At least three critical issues confront the European PET recycling market, and one of them is having a profound impact on HDPE recovery.
Experts took to the stage to discuss those challenges during Plastics Recycling Show Europe, held March 29-30 in Amsterdam. Many of the points they discussed are also directly applicable to North American reclaimers.
One of the industry professionals to speak was Casper van den Dungen, managing director at Signode Industrial Group and chairman of the PET Working Group within Plastics Recyclers Europe (PRE). He said the European PET recycling rate of 57 percent is just too low. Van den Dungen said current market conditions, in which many PET reclaimers operate at less than capacity, needs to change to assure profitability. He suggested two methods will be needed to reach new and higher recycling targets. First, only 20 percent of the PET collected in Europe is through redemption schemes, and because of the high quality of such scrap plastic, “we need a radical increase in deposit collections.” He also contended a substantial effort to increase the recovery of PET trays is needed.
Paolo Glerean, the sales director at Aliplast and a board member for PRE, agreed with van den Dungen’s last recommendation. PET reclaimers throughout Europe are seeing rising volumes of thermoformed PET, often as much as 25 percent of mixed PET bales. Glerean pointed out the numerous barriers to increased thermoform PET recycling, including the various types of such packaging, such as mono-material PET trays, middle-gas barrier material and high-gas barrier PET. However, he noted that numerous European PET reclaimers are actively involved in expanding thermoform recovery, with stakeholder projects currently underway in Belgium, France, Italy and the U.K. A PRE survey of 17 reclaimers in nine countries found a number of technical obstacles in thermoform handling, with the principal one being a higher-than-desired yield loss. To grow this market, Glerean said “we need [package] standardization and the design for recycling” by thermoform package makers.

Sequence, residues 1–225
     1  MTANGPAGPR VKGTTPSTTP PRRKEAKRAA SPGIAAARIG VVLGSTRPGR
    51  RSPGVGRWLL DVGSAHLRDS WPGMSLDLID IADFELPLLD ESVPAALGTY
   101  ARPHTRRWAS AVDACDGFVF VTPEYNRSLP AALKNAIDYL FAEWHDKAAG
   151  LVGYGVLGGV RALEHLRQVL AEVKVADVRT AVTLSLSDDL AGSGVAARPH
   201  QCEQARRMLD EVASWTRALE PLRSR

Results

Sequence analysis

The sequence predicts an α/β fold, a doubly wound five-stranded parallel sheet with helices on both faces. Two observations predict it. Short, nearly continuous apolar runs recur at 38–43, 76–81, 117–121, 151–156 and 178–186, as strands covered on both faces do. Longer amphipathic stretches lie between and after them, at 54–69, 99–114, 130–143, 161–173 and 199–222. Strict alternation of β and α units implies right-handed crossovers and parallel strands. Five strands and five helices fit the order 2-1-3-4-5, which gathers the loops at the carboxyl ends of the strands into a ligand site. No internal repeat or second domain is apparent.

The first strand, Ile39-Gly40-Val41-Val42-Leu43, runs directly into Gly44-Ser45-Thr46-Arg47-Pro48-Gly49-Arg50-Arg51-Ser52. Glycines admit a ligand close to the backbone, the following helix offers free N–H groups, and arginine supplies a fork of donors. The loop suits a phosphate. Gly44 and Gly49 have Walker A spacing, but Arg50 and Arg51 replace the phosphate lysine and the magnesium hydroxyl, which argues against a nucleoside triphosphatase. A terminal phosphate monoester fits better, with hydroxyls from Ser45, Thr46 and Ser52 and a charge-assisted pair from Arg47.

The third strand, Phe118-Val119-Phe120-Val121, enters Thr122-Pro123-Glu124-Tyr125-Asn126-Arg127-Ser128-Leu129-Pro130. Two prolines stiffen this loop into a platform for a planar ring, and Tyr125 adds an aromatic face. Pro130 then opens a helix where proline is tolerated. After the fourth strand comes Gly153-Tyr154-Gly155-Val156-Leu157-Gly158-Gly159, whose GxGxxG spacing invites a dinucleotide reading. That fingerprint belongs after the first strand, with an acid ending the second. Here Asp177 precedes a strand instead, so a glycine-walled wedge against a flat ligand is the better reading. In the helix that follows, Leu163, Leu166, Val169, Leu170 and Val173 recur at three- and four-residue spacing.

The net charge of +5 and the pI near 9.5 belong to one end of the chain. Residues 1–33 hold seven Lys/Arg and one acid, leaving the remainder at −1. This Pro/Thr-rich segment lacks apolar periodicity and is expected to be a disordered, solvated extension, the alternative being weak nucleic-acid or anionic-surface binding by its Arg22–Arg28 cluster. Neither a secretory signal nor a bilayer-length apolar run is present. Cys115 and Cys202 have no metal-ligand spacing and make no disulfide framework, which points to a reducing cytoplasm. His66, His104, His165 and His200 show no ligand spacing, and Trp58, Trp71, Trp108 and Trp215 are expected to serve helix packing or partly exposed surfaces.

A third substantial change in the PET market is a trend also affecting HDPE recycling: European packaging makers and brand owners, especially in France, are replacing HDPE with PET in some applications. In terms of home and personal care product packaging, this trend is for aesthetic (it’s lightweight and shiny) and cost reasons, with PET now being cheaper than HDPE.
European milk packagers are also moving to PET. For PET reclaimers, the switch to opaque milk containers poses significant processing and resin marketing issues. While good from from the consumer’s perspective, said Olivier Vilcot, a vice president at SRP, “this package uses pigments and there’s no clear recycling channel.”
A working group of stakeholders has recommended packagers optimize the opacifiers used in this product, materials recovery facilities increase their sorting capacity and that brand owners stop the introduction of additional opaque PET milk containers for a two-year period to allow the recovery system to mature.
The move to PET from HDPE has caused rumbles in the European HDPE recycling industry. A French study, for example, predicts HDPE packaging will decline in that country from 170,000 metric tons per year to 100,000 metric tons in the period from now to 2020, noted Christine Leveque, recycling business development director at Suez, the huge waste management firm. This may become troubling because, as she said, there is “no demand for opaque recycled PET.”